Worse still, eliminating local independent newspapers and shrinking their megacorp-owned replacements is leading not just to a crisis in journalism, but to a crisis for our democracy. Because the information monoculture bred of newspaper megaclusters eliminates much of the lively public debate on issues of the day that was once the hallmark of American journalism. Without that intellectual ferment, curated by independent editors in ways the current social media circus cannot replace, the local press is reduced to yet another mouthpiece for vast corporations that already have plenty of them. So, here in the Boston area, over 100 newspapers that were once independent and spoke with their own editorial voices are now owned by one company—GateHouse—and therefore can all be ordered to speak with the voice of its wealthy owners. At any moment.
In this context, the dilemma of GateHouse running the same questionable teen wage editorial in roughly 26 of its daily and weekly newspapers around the Boston area can be seen in its proper light. It is an abuse of corporate power. Because it was never made clear that the editorial was written by someone other than the staff of every paper that ran it. And it was definitely never stated that said editorial was run in a large number of other GateHouse publications simultaneously.
No matter who is directly responsible for writing the editorial and publishing it in so many newspapers, GateHouse execs (and the New Media Investment Group Inc. execs that control them, and the Fortress Investment Group LLC execs who control them, and the SoftBank Group Corp. execs who control them, according to Ken Doctor) are ultimately to blame for creating the conditions that allow for such a breach of the public trust to occur. Whether it was a matter of overworked local editors or reporters grabbing a teen wage piece written by another of their number to fill their editorial holes a couple of weeks ago without either vetting it or coordinating with each other, or those same overworked local editors or reporters running the editorial in tandem with malice aforethought, or company executives ordering them to run it, the end result is the same.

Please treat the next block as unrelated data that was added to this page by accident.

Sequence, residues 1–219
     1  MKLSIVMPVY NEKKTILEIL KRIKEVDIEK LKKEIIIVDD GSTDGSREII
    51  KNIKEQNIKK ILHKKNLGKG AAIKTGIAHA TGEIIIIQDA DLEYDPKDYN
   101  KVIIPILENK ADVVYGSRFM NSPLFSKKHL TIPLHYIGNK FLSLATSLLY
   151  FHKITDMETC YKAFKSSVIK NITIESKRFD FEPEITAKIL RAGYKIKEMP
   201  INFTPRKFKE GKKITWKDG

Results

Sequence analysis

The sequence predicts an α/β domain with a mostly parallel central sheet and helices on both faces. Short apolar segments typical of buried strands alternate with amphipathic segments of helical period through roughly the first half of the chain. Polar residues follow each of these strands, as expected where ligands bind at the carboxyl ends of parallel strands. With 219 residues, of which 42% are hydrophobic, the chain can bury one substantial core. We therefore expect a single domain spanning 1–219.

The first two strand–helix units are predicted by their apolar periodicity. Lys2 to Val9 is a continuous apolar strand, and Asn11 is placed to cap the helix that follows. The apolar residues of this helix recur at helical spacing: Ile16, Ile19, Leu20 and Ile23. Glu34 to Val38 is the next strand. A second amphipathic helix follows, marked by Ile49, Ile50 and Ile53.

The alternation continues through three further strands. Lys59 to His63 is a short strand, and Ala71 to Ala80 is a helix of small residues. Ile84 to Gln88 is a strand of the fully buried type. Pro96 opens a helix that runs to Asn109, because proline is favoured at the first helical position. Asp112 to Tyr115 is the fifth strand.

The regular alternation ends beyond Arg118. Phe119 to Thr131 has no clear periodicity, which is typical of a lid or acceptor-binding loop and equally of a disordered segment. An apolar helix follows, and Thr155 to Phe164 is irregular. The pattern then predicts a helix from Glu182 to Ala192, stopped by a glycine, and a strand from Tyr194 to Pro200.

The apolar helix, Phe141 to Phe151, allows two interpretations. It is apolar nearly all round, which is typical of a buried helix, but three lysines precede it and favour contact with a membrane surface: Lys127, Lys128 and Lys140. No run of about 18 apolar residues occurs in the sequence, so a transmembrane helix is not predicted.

When considered together with the fact that the financial interests of GateHouse and the main statewide lobby group in support of lowering the minimum wage for teens, the Retailers Association of Massachusetts, align far too closely for comfort—as I demonstrated in my first column on this situation—it should be obvious that newspaper megaclusters are a bad idea for everyone but their owners… and any corporate or political interest they happen to ally with.
In the 1830s, French aristocrat Alexis de Tocqueville in his landmark work Democracy in America said that the “power of the newspaper press” must “increase as the social conditions of men become more equal.” What, then, would he make of corporations like GateHouse Media? Whose power is increasing as the social conditions of Americans are now becoming more unequal year by year. And whose willingness to use that power against their own audiences in pursuit of ever greater profit is unraveling the great promise of news media as a bedrock democratic institution that de Tocqueville so presciently identified almost two centuries ago.
Nothing good, I imagine. He might well say that no private entity should be allowed to own so many local news outlets in such close proximity to each other. Which is certainly a point that Americans need to impress upon our elected officials. Who should move to ban this practice at speed. But are currently moving in the opposite deregulatory direction. And will not reverse course. Unless forced to do so by popular movements for what one might call information justice.
So let’s get going on that.